TRAVELLERS could be allowed to set up home permanently in Burnley under a council plan.
An authorised camp site is being proposed at Spa Wood Farm, off Billington Road, as part of a long-term vision for the town.
The idea has been welcomed by a travellers charity but a former leader of Burnley Council has blasted the plans.
Gannow councillor Charles Briggs said: “I don’t want travellers in Burnley. I’m one of those people who feel Burnley is not the place for that.
“We had problems at Cog Lane and Hameldon Community College just before Christmas. The kids were throwing stones at residents’ windows.
“If they pay their dues then that’s fine but they don’t seem to want to pay. It must cost the council a fortune in time and effort to remove them.”
Mike Doherty, from The Traveller Movement charity, said: “We welcome any creation of new permanent sites.
“Burnley Council is to be applauded as long as the site is suitable and viable. A lot of unauthorised encampments are a result of a lack of authorised provision - sometimes councils have to step in.
“Most well-managed sites become an active part of the community after a bedding-in period.”
The Burnley Council report, based on a study carried out by the University of Salford in 2012, envisages a need for 28 pitches to be created between now and 2026.
That would mean the creation of 22 pitches by 2016, with a further three between 2017 and 2021, and another three between 2022 and 2026.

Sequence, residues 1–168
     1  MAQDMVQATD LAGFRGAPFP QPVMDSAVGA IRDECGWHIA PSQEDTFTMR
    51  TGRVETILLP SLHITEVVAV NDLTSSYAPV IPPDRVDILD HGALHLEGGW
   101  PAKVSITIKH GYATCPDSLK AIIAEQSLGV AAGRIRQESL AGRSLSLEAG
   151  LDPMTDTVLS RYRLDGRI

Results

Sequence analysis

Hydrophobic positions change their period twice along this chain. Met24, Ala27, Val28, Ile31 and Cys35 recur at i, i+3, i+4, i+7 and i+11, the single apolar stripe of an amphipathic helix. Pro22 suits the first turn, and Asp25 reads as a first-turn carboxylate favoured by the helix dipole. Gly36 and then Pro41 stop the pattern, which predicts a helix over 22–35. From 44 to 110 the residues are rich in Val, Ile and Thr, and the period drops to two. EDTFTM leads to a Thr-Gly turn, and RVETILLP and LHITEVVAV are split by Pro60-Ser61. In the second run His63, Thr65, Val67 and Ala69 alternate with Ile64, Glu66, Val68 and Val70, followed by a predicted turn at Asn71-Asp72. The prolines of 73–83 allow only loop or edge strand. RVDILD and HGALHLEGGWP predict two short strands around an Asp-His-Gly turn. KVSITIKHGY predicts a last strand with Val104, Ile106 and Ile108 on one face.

According to the report, Spa Wood Farm is currently used by gypsies and travellers without permission, while the council is awaiting the results of a survey to discover if protected animal species use the land.
Trinity councillor Howard Baker said: “I wouldn’t expect any problems with that site. It’s out of the way, with good motorway access and not too many residents.
“I’m not sure whether it will alleviate the problem in Trinity but it seems like a good site to me moving forward.”
In the past 18 months, travellers have set up camps at several sites across Burnley, including Towneley Park, the vacant Ivy Bank High School site in Byron Street, and the car parks of the General Havelock pub and the Travelodge, both in Barracks Road.
Caravans have also been served with notices to leave land off Harwold Avenue on the Stoops Estate, Whittlefield Recreation Park in Gannow, Cog Lane, Tay Street and Hargher Street.
The proposal is part of Burnley’s Local Plan: Issues and Options.
It said: “Research has shown that a lack of suitable accommodation and poor conditions is related to poor educational attainment and health, as well as being at the root of ill-feeling between the non-traveller community and gypsies and travellers.
“In addition, addressing accommodation will reduce the costs of maintaining the process that surrounds unauthorised encampments and developments.”
The Housing Act 2004 placed a duty upon councils to produce assessments of accommodation needs for gypsies and travellers.
Neighbouring Hyndburn has had an authorised caravan site for up to 15 pitches at Whinney Hill Road, in Altham, since 1981.
The draft Local Plan document, which highlights the borough’s prospective housing and infrastructure needs for the next two decades, will be presented to Burnley Council’s executive next Tuesday, when councillors will be asked to approve a public consultation on the issue.
Coun Shah Hussain, executive member for regeneration and economic development, said: “We have to get this right so we can control future development and do all we can to make sure it happens where and how we want it to, in the best interests of the whole borough.”
If agreed, the consultation will run for six weeks from mid-February to the end of March. It will then go out for further consultation later this year before a final Local Plan is submitted to the Government in 2015.